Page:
Valero Oil, No! No!
Toxic Tar Sands No! No! No! No!

Rail cars roll by in the night
Filled with tar sands that can ignite

Just one accident and we will all feel the burn
In our eyes, with our lungs sulphurized

Let us stop this crude madness
And keep our world safe from this blight

Just because Big Oil wants it
Doesn’t mean that it’s not ours to fight

Eve Bessier, Davis Poet Laureate wrote the protest lyrics to the familiar tune of “Volare.”

On September 21, a group of dedicated Davis activists drew the line on tar sands crude, along with 145 other protest actions across the country. The thick bitumen should be left in the ground, not mined at the expense of Alberta’s temperate forests using harsh chemicals that result in toxic tailing ponds and down-stream pollution, then hauled across the country by rail eventually through Sacramento and Davis on the way to bay area refineries.

According to a recent report by Forest Ethics, those refineries are now the equivalent of coal-burning power plants, thanks to the high sulfuric content of the bitumen they now accept. The report cites Benicia’s Valero plant as one of the top five sulfur dioxide producing refineries in the country, and now Valero is requesting an additional rail terminal to receive 70,000 barrels of crude more per day.

Kim Stanley Robinson speaks about at the rally.
Kim Stanley Robinson speaks about at the rally.

A handful of activists made five cloth 8 x 8 foot “oil tankers” pulled in bike carts with the message, “No dirty tar sands oil through Davis! Stop Climate Chaos.” In their first attempt to bike from west Davis to central Davis, the north wind tore the banners. But the discouraged bikers transported the bike carts by van to the calmer downtown area, mended the shredded banners and soon the parade of 32 was circling Central Park and waving to the crowds.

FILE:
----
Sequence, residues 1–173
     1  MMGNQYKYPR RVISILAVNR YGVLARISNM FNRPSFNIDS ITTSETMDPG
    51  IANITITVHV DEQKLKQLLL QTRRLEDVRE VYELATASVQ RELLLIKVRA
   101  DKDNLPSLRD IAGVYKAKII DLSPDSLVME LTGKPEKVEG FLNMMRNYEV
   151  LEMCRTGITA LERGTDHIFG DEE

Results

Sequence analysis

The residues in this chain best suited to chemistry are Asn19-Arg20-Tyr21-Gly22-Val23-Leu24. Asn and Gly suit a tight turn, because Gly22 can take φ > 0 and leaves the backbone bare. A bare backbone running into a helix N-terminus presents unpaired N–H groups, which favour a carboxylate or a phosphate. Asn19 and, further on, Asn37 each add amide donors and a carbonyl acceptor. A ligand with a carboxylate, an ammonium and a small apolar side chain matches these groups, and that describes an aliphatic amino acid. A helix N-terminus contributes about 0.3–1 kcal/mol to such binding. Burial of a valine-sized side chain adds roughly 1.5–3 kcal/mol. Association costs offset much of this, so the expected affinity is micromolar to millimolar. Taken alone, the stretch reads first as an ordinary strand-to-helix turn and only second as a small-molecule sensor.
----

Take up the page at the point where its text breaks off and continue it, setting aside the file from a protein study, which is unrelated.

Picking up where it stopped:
Meanwhile, the one and only fall rain storm darkened the skies. Just as the bikes made a dramatic backdrop around the Rotary Stage and others set up the microphone for speeches, the rains began. Eve Bessier sang her original Valero song in a drizzle. Kim Stanley Robinson spoke in a downpour. Anya McCann truncated her address on meatless Mondays to a few sentences and Kerry Daane Loux finished in fewer words still. The hoped-for Farmers Market crowd stayed under the market awning too far to hear even Eve’s strong voice.

Valero Oil, No! No!
Toxic Tar Sands No! No! No! No!

They won’t even tell us what’s true
They want us to not have a clue

But we have a duty to be well aware
Not to let them endanger our lives

It’s still a democracy last time I checked
And we have a right to object

Valero Oil, No! No!
Toxic Tar Sands No! No! No! No!

This demonstration was not just a cameo appearance. Those of us who have uncovered the truth of these rail tankers of dangerous crude oil passing through Davis will continue to speak out to awaken our community to a present and escalating danger.

Milton Kalish helped organize the protest.
Milton Kalish helped organize the protest.

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